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    Hans von Seeckt: The Political Heritage of an “Unpolitical” Soldier

    “The Reichswehr will march with you if you go the Ger­man way.” These were the words of General Hans von Seeckt to Gustav Stresemann, chancellor of the Weimar Re­public, in September 1923–two months before Adolf...

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    Artois, 1915

    After this classic World War I trench slaughter on the heights north of Arras, France could no longer count on the sacrificial élan of her army...

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    I, Spy

    “I began my mission in wartime France as a British secret agent. My job was to recruit, arm, and train a secret French force to carry out sabotage and harassment…” ...

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    Kut

    In a largely forgotten campaign of World War I, 36,000 British and Indian troops fought, bled, shivered, starved, sweated, scratched, and died of Kut-el-Amara, Mesopotamia...

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    War List | Propagandists

    Here are the stories of seven wartime propagandists who earned notoriety by altering reality and twisting the facts...

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    Albert and the Yser

    Everyone regards the Marne as the turning point of 1914 (and of the First World War itself); indeed, it was. But it might have been only a temporary reverse if the Germans had managed to breach another river barrier, that of the Yser,...

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    D Day 1917

    Haig’s innovative plan to invade the Belgian coast may have been doomed from the start, but he had glimpsed the future, and someday his ideas would work...

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    What Happened at Celtic Wood?

    In October 1917, during the Passchendaele attacks, there occurred the most celebrated missing-persons case of World War I...

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    Pershing’s Eyes in the Sky

    As a freshly minted lieutenant in the Twelfth Aero Squadron, Robert Paradise took to the sky as one of the Army Air Service's early aerial observation pilots...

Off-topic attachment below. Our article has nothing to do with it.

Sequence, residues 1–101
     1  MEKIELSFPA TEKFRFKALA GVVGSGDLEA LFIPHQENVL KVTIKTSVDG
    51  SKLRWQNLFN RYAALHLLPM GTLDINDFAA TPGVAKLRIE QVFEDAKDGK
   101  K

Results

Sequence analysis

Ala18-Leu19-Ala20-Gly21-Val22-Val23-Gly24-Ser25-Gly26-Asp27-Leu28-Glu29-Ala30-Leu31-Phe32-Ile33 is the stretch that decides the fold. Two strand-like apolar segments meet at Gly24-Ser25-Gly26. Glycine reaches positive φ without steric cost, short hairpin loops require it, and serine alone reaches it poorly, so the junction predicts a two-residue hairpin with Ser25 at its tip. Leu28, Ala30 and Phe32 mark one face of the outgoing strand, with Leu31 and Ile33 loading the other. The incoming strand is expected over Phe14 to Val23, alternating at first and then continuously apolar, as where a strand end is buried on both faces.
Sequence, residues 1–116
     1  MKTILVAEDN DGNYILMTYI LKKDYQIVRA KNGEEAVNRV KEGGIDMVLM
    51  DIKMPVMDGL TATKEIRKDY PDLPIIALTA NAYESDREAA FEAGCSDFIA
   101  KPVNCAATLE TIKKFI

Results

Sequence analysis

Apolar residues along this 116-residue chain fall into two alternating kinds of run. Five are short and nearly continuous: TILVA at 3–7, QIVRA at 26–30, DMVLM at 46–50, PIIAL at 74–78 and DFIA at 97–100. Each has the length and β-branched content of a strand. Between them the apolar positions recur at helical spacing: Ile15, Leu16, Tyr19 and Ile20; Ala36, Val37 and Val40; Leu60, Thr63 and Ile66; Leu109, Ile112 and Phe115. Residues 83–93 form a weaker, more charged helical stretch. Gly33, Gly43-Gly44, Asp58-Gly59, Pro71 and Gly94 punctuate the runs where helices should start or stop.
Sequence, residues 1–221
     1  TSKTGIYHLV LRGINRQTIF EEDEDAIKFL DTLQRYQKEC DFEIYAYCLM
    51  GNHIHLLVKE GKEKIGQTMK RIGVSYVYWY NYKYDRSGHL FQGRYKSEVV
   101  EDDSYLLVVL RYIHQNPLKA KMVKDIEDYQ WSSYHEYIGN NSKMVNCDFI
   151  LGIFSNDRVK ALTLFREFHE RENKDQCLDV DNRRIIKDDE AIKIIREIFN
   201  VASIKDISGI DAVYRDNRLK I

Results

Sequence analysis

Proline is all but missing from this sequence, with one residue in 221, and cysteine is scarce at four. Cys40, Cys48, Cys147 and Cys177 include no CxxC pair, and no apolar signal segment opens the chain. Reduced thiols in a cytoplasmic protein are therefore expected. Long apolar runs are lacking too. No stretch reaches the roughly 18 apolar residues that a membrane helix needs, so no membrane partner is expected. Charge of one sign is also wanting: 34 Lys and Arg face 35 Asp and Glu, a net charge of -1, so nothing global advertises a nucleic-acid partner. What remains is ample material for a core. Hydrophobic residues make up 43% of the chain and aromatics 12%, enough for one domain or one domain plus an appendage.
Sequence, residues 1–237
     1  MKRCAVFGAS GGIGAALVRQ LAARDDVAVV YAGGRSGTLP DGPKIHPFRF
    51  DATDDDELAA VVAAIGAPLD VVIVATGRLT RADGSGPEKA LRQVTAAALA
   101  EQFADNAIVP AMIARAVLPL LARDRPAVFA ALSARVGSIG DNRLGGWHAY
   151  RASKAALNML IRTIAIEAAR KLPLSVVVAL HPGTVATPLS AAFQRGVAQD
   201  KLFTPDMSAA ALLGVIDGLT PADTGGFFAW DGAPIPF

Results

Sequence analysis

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    The Fokker Menace

    At the outbreak of World War I, mili­tary men regarded the airplane as an unreliable toy that might or might not have a certain value for reconnaissance or for artillery observation–provided it didn’t frighten the horses. In fact,...

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    No-Man’s-Land

    It could be half a mile wide, it could be 20 yards wide. In ‘laces it dwin­dled to nothing as one army’s trench­ line ran straight into its opponent’s. The enemy might be a distant stranger or he might be so near you...

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    The Death of Landscape

    The British soldier artists of the Great War confronted a world in which nature itself seemed a victim...

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    Europe 1914

    The Trumpet, by Edward Thomas   Rise up, rise up, And, as the trumpet blowing Chases the dreams of men, As the dawn glowing The stars that left unlit The land and water, Rise up and scatter The dew that covers The print of last...

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    Dismantling Bismark

    As fanfare and celebrations ushered in the new century on January 1, 1900, two nations were clearly emerging from the pack as contenders for the rank of “superpower “: the United States and Germany. The impact of these two...

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    Outfoxing the Allies in German East Africa

    Led by imaginative commander Paul Von Lettow-Vorbeck, vastly outnumbered German and native forces were able to tie down more than 300,000 Allied troops in East Africa during World War I....

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    The Great War’s Human Plight

    War does not much dis­criminate as to its choice of victims. Military strategists have often targeted noncombatants as a means of forcing issues. But the effects of pre-1914 conflicts on civilians paled in comparison to the two world...